The $2 Billion Bubble? What the Clippers Sale Means for the NBA and the Players, by Grantland
Adam Rifkin stashed this in Basketball
Suddenly basketball is a money making machine:
The sale of the Clippers to Steve Ballmer could not have gone any better for the NBA. Adam Silver hasn’t even been on the job for six months and he already has a triumph that will be in the first or second paragraph of the stories about his retirement two or three decades from now.
He confidently stretched the league’s constitution almost as far as it could go in fining Donald Sterling the maximum $2.5 million, banishing him for life, and moving immediately to force the sale of the team to a less despicable person. He made clear it would be better for everyone if Sterling and his wife, Rochelle, would sell the team on their own before the NBA stripped them of it.
And, boom: $2 billion, a number that has sources across all areas of the NBA today writing emails and texts filled with exclamation points, like teenage girls gushing about One Direction. There will still be some ugly twists, given reports Sterling will sue the league, but Silver expected that. Everything appears to be on track. Just about everyone agrees that Ballmer is overpaying, perhaps dramatically, in forking over the second-largest purchase price ever for a North American franchise — a price that came in at just less than triple the most recent Forbes valuation of the team.
But the Clippers are debt-free — having a cheapskate owner helps in that regard — and on the verge of renegotiating their undermarket local TV deal, struck before the league’s most pathetic franchise somehow teamed up Chris Paul and Blake Griffin. The Clips get only about $20 million or so per season from the deal, according to various reports, roughly one-tenth what Time Warner pays the Lakers every season.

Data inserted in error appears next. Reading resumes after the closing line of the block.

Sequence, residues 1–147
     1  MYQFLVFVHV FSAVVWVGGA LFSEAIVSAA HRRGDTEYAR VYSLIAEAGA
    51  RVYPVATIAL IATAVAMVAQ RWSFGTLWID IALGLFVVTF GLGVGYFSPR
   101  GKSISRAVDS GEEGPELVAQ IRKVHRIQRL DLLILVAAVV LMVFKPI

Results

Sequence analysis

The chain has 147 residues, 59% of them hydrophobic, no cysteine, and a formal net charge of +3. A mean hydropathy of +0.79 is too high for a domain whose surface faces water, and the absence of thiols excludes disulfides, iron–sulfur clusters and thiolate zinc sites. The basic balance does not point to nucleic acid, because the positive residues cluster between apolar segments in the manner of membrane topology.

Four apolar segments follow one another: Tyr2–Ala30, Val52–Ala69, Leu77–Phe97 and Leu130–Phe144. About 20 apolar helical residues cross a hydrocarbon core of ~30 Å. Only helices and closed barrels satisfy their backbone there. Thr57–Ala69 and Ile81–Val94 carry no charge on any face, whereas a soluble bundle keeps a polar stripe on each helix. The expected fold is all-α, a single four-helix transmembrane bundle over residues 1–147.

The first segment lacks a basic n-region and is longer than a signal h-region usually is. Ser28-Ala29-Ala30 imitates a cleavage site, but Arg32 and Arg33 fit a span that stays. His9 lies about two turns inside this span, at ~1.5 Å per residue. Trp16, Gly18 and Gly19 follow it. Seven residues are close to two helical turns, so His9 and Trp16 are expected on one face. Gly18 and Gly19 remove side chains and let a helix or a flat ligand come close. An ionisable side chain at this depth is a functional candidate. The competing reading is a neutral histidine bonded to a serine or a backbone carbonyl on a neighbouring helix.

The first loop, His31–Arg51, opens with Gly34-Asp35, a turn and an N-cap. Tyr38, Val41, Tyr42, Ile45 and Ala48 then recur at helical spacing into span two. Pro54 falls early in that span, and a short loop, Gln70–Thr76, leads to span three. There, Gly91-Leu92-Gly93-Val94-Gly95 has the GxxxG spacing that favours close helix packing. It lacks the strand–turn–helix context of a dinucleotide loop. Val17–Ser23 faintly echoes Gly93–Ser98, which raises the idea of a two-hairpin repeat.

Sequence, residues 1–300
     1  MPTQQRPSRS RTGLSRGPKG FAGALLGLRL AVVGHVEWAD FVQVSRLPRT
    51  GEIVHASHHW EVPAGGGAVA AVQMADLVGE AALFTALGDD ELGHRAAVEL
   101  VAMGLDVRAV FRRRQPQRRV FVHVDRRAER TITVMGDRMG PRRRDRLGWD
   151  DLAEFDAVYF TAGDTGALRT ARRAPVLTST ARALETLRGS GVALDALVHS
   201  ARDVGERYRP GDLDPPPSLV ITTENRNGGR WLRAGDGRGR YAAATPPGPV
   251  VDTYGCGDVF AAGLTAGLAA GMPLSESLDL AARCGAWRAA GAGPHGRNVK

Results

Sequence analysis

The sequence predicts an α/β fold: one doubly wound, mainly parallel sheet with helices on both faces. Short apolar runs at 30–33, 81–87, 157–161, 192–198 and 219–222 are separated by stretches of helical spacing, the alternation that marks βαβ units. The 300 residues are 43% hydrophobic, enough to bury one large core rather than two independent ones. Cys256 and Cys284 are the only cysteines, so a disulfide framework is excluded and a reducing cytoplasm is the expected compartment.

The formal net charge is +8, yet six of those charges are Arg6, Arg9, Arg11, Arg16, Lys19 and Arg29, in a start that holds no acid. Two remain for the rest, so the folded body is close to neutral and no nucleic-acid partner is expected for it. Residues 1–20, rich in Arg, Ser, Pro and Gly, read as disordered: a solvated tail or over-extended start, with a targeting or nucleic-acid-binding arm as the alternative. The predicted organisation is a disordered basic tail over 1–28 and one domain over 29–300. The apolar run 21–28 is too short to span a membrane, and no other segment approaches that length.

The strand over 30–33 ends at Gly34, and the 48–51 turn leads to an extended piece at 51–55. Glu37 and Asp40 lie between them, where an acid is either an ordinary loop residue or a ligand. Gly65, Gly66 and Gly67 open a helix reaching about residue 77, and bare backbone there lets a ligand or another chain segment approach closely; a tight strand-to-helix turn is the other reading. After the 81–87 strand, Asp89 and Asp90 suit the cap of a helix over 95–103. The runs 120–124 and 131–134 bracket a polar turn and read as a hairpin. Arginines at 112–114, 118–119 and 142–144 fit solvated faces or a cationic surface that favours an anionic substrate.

The league’s national TV contract, which yields about $30 million per team annually, is up after the 2015-16 season, and the new one will trump that in a landslide.
Franchise valuations are escalating at a nutty pace; the Bucks’ sale for $550 million broke the Warriors’ previous record, and Ballmer and partners were ready to go well over that to relocate the sad sack Kings to Seattle. Sales figures from 2010 and 2011 look like ancient relics now, like Don Draper paying some absurd price to go to the movies on Mad Men. Michael Jordan’s crew got the Bobcats (now Hornets) almost for free, on the condition they assume all the debt the franchise had piled up. A bunch of private equity dudes bought the Sixers, a huge-market team, for $280 million in 2011. Three years later, two other finance wizards paid nearly double that for the freaking Bucks, and they even agreed not to move the team to a more profitable market.
The forces driving this are obvious. The league slaughtered the players, forever disorganized and fighting among themselves, in the 2011 lockout. Players used to get 57 percent of all league revenue; they get 50 percent now, a savings of about $10 million per year for each team. Live sporting events only get more valuable to TV networks as fewer competing programs prove DVR-proof. China and India loom as untapped or only semi-tapped markets.